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Comment: Disrupting the insurance business with open source IoT hardware

  • Author:Ella Cai
  • Release on:2017-10-24
Is the revenue model for IoT products broken? Maarten Ectors of Legal & General and Mike Bray of RS Components explain the rationale behind the LeakKiller challenge

The adoption of IoT products is a bit sluggish. While there are many causes, the number one reason stems from the high cost of hardware, with the retail price of IoT devices typically much more than disconnected alternatives. But pricey hardware only partly explains the underlying reasons for the mammoth difference — a broken revenue model is the real elephant in the room.

Water sensor

As an example, let’s use a water sensor that you might use to detect leaks. These sensors typically retail at about £25 each, but bought in volume from China you can easily pick them up for as little as £0.5 per unit.

Getting them into the hands of a customer will obviously require some logistics and a few other costs but even then, the overall cost per unit shouldn’t top £2. So, how is a £25 price premium justified when IoT manufacturers bring their device to market? Is it greed? No, in most cases there’s no alternative ongoing revenue model so IoT manufacturers have no choice other than to maximize sales price.

If the product is the first in the market, this works in the short-term until the low-cost copycats arrive, but in the long-term Moore’s Law is working against manufacturers. It’s well documented that every year electronics and processors get cheaper and faster.

Therefore, to generate a reasonable margin on a £0.50 device you need monumentally high volumes and as low a cost base as possible — so it becomes all too clear why many companies take shortcuts in areas such as IoT security. If the IoT industry can’t work its way past this problem, it will never get close to those stratospheric Gartner growth projections that we’re all so familiar with.

IoT and insurance

That’s why we think a different approach is needed… and we see the insurance industry as a perfect stage to test alternative models.

Sticking with our water leakage theme, the insurance industry has seen a four percent rise in the average cost of water leakage claims over the last three years. According to the Association of British Insurers (ABI), nearly one in five claims made on buildings and contents insurance were for damage caused by leaks; with insurers paying out around £2.5m every day in claims.

As an antidote to this scenario, IoT technologies offer a very real opportunity to do something to significantly reduce claims and avoid damage to homes… but not with the currently inflated prices of IoT hardware.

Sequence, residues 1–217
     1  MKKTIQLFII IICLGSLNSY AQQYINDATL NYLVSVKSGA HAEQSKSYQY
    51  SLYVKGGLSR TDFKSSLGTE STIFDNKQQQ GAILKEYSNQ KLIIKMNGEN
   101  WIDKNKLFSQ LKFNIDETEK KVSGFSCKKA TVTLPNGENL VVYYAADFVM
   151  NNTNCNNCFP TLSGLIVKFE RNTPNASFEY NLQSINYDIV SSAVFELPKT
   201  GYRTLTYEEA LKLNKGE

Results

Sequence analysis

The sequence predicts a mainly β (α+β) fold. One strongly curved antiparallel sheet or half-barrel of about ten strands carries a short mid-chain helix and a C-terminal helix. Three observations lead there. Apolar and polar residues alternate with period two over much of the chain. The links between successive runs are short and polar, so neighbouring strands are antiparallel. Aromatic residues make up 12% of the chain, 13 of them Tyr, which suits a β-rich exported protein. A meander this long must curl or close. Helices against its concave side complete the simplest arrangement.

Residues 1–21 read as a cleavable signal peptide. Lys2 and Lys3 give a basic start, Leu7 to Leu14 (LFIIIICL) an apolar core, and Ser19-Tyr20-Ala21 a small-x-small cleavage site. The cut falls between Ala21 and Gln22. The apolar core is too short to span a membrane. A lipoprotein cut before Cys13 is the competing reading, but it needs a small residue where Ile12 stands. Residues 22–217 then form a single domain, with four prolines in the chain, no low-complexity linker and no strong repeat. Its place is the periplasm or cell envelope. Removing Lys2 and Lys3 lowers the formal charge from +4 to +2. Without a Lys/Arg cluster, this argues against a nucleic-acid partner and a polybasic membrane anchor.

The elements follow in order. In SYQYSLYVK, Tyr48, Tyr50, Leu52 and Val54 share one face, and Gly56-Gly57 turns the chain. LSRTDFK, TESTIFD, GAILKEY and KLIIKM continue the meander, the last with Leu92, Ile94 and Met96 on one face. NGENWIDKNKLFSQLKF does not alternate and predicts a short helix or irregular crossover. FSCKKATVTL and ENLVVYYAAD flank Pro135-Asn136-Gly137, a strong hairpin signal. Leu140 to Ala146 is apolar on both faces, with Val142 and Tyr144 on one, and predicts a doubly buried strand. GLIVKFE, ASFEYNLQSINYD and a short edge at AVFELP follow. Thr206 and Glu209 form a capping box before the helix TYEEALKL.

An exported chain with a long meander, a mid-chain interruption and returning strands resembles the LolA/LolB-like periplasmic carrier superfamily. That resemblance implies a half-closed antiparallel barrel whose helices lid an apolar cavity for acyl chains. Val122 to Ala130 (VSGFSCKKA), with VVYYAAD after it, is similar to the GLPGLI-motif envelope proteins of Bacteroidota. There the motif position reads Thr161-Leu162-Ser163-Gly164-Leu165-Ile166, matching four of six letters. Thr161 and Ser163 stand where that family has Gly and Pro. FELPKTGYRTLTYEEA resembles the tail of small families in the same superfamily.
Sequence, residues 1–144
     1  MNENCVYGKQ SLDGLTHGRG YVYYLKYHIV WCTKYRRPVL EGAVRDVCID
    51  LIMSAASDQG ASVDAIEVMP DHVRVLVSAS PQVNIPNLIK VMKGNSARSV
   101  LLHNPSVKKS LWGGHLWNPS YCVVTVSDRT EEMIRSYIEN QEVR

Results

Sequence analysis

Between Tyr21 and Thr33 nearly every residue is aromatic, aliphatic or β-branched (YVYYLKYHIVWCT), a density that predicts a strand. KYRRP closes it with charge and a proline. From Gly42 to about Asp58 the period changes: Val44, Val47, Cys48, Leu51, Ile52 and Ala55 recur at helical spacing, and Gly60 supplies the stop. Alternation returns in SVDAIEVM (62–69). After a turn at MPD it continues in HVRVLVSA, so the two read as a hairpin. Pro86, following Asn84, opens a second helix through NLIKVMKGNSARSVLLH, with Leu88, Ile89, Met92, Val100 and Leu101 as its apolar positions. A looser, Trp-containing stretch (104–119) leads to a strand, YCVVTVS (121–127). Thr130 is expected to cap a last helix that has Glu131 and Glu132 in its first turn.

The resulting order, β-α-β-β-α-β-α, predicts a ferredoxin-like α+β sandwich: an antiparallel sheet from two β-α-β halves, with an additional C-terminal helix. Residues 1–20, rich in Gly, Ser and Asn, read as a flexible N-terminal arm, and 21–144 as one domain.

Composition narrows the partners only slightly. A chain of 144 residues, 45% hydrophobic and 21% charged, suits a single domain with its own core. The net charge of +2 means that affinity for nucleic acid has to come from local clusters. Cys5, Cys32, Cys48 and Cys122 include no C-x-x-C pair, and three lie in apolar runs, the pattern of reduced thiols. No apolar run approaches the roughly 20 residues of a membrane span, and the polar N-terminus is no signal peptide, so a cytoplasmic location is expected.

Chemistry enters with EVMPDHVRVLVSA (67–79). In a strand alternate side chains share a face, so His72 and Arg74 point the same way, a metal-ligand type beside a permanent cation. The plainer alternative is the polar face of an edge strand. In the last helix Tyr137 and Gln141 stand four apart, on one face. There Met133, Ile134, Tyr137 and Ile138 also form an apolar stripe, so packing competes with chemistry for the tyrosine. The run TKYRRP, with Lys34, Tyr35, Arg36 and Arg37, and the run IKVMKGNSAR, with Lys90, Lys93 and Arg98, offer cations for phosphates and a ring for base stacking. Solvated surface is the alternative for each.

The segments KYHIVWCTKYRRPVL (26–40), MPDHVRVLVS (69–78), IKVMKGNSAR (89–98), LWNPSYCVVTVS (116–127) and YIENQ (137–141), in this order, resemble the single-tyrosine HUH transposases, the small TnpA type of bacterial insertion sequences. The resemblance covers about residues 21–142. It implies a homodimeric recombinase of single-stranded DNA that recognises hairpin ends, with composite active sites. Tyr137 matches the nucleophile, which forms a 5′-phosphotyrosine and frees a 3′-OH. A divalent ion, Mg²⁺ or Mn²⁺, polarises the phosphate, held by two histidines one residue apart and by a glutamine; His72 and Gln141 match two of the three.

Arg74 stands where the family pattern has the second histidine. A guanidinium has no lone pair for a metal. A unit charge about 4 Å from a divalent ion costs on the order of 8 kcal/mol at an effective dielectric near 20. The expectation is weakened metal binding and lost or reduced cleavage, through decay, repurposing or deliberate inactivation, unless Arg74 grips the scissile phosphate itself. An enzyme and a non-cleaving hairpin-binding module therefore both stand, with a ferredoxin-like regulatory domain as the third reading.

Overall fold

LeakKiller challenge

Because of this Legal & General and DesignSpark have joined forces and issued a LeakKiller challenge to the global engineering design community, makers, startups, hardware hackers, system integrators, builders, inventors or just clever out-of-the-box thinkers from a wide range of industries. We want them to collaborate, experiment and find a better win-win model for everybody.

The LeakKiller challenge probes what could happen if we open-source IoT hardware. Collectively, can the insurance industry gain access to an inexpensive water leakage solution to avoid the consequences of the escape of water for most customers?

We’re not kidding ourselves that this isn’t a really tough problem to solve. That’s why the challenge is so open. Anyone is welcome to bring ideas to the table or critique our hypothesis. But what we’re absolutely certain of is that the IoT industry needs new revenue models.

Very few people are likely to buy a ‘smart’ thermostat for £200, when a standard ‘dumb’ thermostat is £20. But what if the smart thermostat cost only £25, or even better, was provided free of charge?

A new business model

When you look at it from the business side, while it is massively expensive to roll out millions of water sensors, there are clear advantages for business as well as consumers, providing we can find a new business model for the companies that are already designing amazing IoT hardware.

Our first experiment is to validate if IoT hardware is open sourced, the price goes down substantially, allowing for volumes to go up and large scale deployments to happen.

Our second experiment will be about providing hardware designers with an alternative longer-term revenue stream. We know we can’t guarantee success but the more collective brainpower focusing on the problem, the further down the road we can get in solving this challenge for everyone.

By Maarten Ectors, Chief Digital Officer of Legal & General and Mike Bray of DesignSpark from RS Components